The Department of Health in the UK made it known that users had been unable to record a positive test result if they had booked a test somewhere else rather than via the NHS COVID-19 mobile application can now log their status however they booked the test.
But there are still those who tested negative and are unable to log their result in the application or share the result if they did not book the test through the application.
The way this works was that those who booked to be tested through the application would usually get their result auto-logged be it positive or negative onto the system based on what the body in charge of the service said. Meanwhile tests taken as a result of Office for National Statistics surveys and also those in the possession of the NHS Hospital or Public Health England lab were said to bot be able to be shared on the application no matter the result of the test being carried out.
But on Saturday, the Department of Health made it known that anyone who accesses a test elsewhere will be able to log their result if they are positive to COVID-19 and will receive a code in which they can input right into the application.
But those that gets these codes are patients who have tested positive but those who enter based on grounds of exhibiting symptoms without entering their test results will get the self-isolation countdown starting on them to know how long they need to stay isolated before getting themselves integrated back into the society.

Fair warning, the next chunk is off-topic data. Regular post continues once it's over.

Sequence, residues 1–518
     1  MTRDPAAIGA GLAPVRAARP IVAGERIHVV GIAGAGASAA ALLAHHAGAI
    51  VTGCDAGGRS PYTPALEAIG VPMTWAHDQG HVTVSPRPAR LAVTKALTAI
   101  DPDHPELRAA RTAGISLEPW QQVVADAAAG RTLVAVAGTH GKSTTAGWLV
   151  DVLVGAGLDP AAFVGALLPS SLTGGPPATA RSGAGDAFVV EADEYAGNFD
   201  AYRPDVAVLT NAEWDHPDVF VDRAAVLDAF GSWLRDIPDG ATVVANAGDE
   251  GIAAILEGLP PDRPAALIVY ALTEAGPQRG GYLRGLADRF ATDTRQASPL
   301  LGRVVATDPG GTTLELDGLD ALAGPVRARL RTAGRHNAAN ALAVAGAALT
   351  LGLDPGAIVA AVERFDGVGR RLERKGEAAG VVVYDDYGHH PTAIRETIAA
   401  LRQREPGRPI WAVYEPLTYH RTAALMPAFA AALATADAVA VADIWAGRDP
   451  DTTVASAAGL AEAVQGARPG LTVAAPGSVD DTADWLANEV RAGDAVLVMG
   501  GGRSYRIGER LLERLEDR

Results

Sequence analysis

According to a spokesperson for the Department of Health and Social Care said that “everyone who receives a positive test result can log their result on the app”. “A minority of people, such as hospital patients, who were unable to log their positive result can now request a code when contacted by NHS Test and Trace to input on their app,” the spokeswoman said. The ability to log a negative result is being looked into, she added, after user feedback suggested people wanted the ability to do so.
The app had gotten a 4 million downloads
Since the release of the application on Thursday, there have been a lot of people who have already booked tests even before downloading the application and they have reported to being unable to halt the self-isolation countdown after they reported their symptoms even when they got a negative result since this doesn’t come with a code unlike the positive case which could have been logged into the system and then stop the countdown timer.
Prof Deborah Ryan, who originally contacted the BBC, said: “That’s so confusing as the app doesn’t tell you that can’t enter a negative test booked outside it.”
And the app still tells you to quarantine if you entered symptoms. So this means I can’t turn off the self-isolation alert in the app?” In that ground, user will be unable to stop the self-isolation alert.
Meanwhile in Wales, lab test results are said to come with notification tokes for the app and even the Health director for digital technology and transformation, Ifan Evans tweeted .
The Department of Health has said that using the app is “entirely voluntary” and advice to get a test or self-isolate cannot be enforced.Tests booked via the app will have the results automatically shared with it, it said. According to the data analyst App Annie, the NHS Covid-19 app has been downloaded around 4million times so far.
“By downloading this app you are helping protect yourself and others. If you book your test via the app then the results will be automatically recorded in the app and the isolation countdown will be updated,” said a DHSC spokesman. If you are asked to self-isolate for 14 days because you have been in close contact with somebody who has tested positive, you are advised by health officials to do so even if you later test negative yourself.